How To Write a Film Review

A review is a perfect expression for your penchant towards a movie. The content should be fluid and comprehensive, but should not give away the plot of the movie. The main motive behind writing a review is to facilitate a reader in making a decision about whether to watch the movie or not. The technical side of the film should be commented on, but not to the extent that the reader gets bored. Remember the review should not be bookish.


  • 1

    Watch the movie two times

    The first step to writing a review is to watch the movie in a relaxed, known and comfortable environment. This will allow you to concentrate on the fine details which are so important in a comprehensive review. Watching the movie a second time will make it better. There are some people who write the reviews after reading a lot of other available on the internet or newspapers. The practice is downright immoral and not recommended.

  • 2

    Give unbiased opinion

    There is a good chance that a reviewer might personally like an actor or actress in a movie, and would be bent to dislike his/her performance. However, it is a moral duty of the writer to give a fair and impartial description of the movie and the performance of different characters in it.

  • 3

    Develop a taste for all genres

    A good movie reviewer would cater for all genres of movies. Sure, personality counts a lot in writing, but a good movie description only comes when the writing is done by heart. And for that, a taste for every genre has to be developed.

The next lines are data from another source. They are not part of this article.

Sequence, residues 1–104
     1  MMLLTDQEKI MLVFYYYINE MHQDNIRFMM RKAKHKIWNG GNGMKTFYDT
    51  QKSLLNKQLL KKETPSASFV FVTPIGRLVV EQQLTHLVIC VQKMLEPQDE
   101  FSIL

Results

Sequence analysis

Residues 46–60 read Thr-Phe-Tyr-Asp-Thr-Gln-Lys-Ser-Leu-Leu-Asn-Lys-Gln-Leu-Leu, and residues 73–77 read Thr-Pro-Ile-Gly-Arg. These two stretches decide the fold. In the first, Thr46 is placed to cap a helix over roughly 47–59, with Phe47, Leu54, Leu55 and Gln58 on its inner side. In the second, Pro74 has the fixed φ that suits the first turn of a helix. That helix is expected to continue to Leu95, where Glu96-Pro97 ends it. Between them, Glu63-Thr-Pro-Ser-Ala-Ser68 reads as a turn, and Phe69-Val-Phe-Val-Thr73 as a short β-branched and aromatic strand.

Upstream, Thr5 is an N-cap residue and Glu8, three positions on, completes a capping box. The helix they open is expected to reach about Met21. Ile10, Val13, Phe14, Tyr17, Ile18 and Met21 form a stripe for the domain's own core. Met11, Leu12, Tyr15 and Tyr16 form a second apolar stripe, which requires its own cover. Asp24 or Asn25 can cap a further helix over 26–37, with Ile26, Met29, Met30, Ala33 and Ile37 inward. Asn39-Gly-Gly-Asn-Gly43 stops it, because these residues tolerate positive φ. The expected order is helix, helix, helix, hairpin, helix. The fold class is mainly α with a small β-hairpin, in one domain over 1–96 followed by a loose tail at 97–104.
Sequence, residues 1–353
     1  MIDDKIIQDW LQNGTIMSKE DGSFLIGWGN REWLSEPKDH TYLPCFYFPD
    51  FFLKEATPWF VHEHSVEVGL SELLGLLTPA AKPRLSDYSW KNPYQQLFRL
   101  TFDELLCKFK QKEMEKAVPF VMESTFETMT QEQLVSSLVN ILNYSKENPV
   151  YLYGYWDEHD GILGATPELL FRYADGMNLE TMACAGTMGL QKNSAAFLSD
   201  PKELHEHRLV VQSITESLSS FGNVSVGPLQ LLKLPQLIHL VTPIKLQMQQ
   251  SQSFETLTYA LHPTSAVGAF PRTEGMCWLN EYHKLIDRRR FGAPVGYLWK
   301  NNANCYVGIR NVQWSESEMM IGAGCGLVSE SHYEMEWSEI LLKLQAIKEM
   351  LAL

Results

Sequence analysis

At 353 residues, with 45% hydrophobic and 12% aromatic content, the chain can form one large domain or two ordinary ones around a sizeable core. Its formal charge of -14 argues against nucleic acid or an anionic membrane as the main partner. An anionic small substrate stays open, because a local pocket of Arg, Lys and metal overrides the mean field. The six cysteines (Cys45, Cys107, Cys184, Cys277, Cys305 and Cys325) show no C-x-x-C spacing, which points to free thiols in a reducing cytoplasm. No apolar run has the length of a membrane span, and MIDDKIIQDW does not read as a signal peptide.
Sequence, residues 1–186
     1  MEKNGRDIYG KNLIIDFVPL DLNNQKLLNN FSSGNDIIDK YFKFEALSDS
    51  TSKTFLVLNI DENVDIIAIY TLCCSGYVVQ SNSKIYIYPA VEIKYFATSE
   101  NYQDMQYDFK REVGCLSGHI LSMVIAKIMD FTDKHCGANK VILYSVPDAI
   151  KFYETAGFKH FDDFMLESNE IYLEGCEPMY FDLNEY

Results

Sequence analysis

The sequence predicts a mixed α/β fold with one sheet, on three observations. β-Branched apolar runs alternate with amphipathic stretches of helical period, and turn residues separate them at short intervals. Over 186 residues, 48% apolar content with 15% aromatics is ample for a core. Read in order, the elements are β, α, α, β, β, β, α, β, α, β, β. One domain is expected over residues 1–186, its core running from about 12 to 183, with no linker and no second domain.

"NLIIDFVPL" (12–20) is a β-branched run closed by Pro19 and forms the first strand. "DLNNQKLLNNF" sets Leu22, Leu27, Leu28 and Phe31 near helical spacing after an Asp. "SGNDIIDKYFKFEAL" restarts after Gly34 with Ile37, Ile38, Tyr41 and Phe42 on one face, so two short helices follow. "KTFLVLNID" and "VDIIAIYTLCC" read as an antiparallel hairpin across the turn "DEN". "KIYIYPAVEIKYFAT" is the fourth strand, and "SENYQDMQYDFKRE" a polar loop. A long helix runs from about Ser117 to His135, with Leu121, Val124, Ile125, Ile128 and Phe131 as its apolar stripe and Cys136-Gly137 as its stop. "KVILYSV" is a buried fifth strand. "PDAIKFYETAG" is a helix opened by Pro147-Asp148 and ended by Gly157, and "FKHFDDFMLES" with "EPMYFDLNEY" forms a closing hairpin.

• 4

    Know your audience

    Writing a full fledge review exploring the cinematography, photography, lighting and other technical aspects for an audience that is least interested is nothing less than a disaster. Before going for a review, a writer should know the nature of the people who will read his stuff.

  • 5

    Avoid Spoilers

    Under no circumstances should a review make the error of revealing the plot. This is a cardinal sin, and can pretty much compel most of the people to avoid the suspense. This will not only reduce the readership, but will also cause great harm to the business that a movie does on the box office.

  • 6

    Support your criticism

    It is a writer’s job to criticize the angles in a movie that he doesn’t deem good, but it should be done so with a solid argument.

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